Combating Business Email Compromise and Protecting Your Remote Workforce
Over the last two months, there have been more people working remotely than ever before, and with more being done outside the branch, financial institutions cannot rely on their usual firewall and anti-malware solutions to protect their staff. Today, the single most common attack used to target remote users is what is known as “business email compromise” (BEC).
Safe Systems hosted a live webinar earlier this month discussing how BEC works; the main techniques used in these types of attacks; and the cost-effective solutions needed to mitigate them. In case you missed it, here are a few key points from the webinar:
What is business email compromise and how does it work?
Business email compromise is a security exploit where an attacker targets an employee who has access to company funds or other non-public information and convinces the victim to transfer money into a bank account controlled by the attacker.
These attacks have two main categories:
- Phishing emails – this is just a spoofed email that seemingly comes from someone you trust within the organization (like the CFO or CEO) instructing an employee to wire money to a specific account.
- Account takeover – the attacker procures your real username and password and then logs into your mailbox where they are then able to send and receive emails at will from your actual account.
Using these attack methods, cybercriminals can commit many different types of fraud, including wire fraud, non-public information (NPI) theft, and spreading of malware.
There are also a number of different attack “types” that cybercriminals commonly use to take over accounts:
A single-stage attack is a social engineering email directing a user to complete a certain action. For example, an email may include a link that leads to a rogue website where the attacker is trying to capture login information. This is a fairly simple, one-step attack.
The more sophisticated variation on this type of attack is the multi-stage method. In this attack, we often see that instead of having a link in the email that goes to a suspicious website that could potentially be blocked by other security layers, attackers use a link in the email that goes to a highly trusted place like a Citrix share file or some other trusted site. If the user clicks the link, they’ve now stepped outside of any email security layers the institution might have in place. Most often these sites are SSL encrypted so this underscores the importance of having SSL inspection performed on your traffic to ensure links in emails do lead to legitimate, secure websites. The problem with this, however, is that it can be an increasingly difficult job for some financial institutions to implement and manage.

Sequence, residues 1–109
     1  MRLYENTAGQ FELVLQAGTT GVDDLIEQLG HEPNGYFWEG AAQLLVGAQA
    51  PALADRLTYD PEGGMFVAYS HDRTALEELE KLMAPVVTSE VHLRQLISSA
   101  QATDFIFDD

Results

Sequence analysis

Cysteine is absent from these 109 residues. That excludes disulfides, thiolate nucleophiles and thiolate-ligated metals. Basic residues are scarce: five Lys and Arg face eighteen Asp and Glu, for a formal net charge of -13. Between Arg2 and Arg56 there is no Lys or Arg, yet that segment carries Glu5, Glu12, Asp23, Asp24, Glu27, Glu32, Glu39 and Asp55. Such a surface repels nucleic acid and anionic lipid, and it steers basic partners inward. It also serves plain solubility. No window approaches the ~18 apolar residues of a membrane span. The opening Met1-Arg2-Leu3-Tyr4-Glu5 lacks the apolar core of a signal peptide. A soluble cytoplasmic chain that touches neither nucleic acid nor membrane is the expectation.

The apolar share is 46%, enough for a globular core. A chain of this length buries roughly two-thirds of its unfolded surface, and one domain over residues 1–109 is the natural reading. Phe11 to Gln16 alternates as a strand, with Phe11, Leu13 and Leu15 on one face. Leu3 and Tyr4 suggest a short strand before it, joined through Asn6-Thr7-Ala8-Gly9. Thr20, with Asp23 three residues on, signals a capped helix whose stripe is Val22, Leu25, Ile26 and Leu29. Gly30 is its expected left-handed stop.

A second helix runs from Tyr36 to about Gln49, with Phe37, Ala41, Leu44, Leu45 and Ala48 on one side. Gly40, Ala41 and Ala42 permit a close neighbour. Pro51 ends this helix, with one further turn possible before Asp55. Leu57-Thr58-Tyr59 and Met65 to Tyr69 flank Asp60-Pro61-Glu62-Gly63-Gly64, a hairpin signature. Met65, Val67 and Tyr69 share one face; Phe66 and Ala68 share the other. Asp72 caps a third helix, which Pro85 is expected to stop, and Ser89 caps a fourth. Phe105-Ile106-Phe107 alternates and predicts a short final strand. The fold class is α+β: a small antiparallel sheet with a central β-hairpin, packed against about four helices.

How Can Financial Institutions Defend Against These Threats?
The first line of defense against business email compromise is to stop the user from being exposed in the first place, and the single most effective measure financial institutions can implement is user training. It’s important for financial institutions to regularly conduct penetration testing and use security awareness training to educate their employees. Over the years, we’ve seen a distinct correlation between the frequency of user security awareness training and the success rate of phishing attacks. Some institutions leverage self-testing tools such as KnowBe4, but there are many other services that financial institutions can use to test their employees.
The second line of defense is to stop the user from causing damage. To mitigate the threat, financial institutions can use a variety of effective tools, including:
- Email Filtering – a tool that filters out suspicious emails to ensure no spam, malicious content, or sensitive data makes it out of the institution unauthorized.
- DNS Filtering – is the process of using the Domain Name System lookup to find the IP address of a website to block malicious websites and filter out harmful or inappropriate content.
- URL Rewrite – if an email has a link, the system rewrites the destination of the link to go to a security company first before the real session is connected.
- Multifactor Authentication – this tool requires more than one method of authentication to verify a user’s identity for a login or other transaction. The methods include something you know (pin); something you have (phone) and/or something you are (biometrics).
These are just a few of the tools that can help strengthen your institution’s security posture and ensure users do not fall victim to malicious attacks. However, if they do, it is critical to have a plan to respond.
The last line of defense is to stop the expansion of damages if a threat has occurred. In this case, financial institutions must conduct an investigation into the cyberattack and have thorough logs of their mail system to understand exactly what occurred; how far it has spread; and determine the next steps. Community banks and credit unions should have an incident response plan in place and perform regular tabletop testing to confirm the plan works and will be useful when a real attack occurs.
To learn more ways to protect your institution from business email compromise, watch our recorded webinar, “Business Email Compromise – Preventing the Biggest Risk from Remote Users.”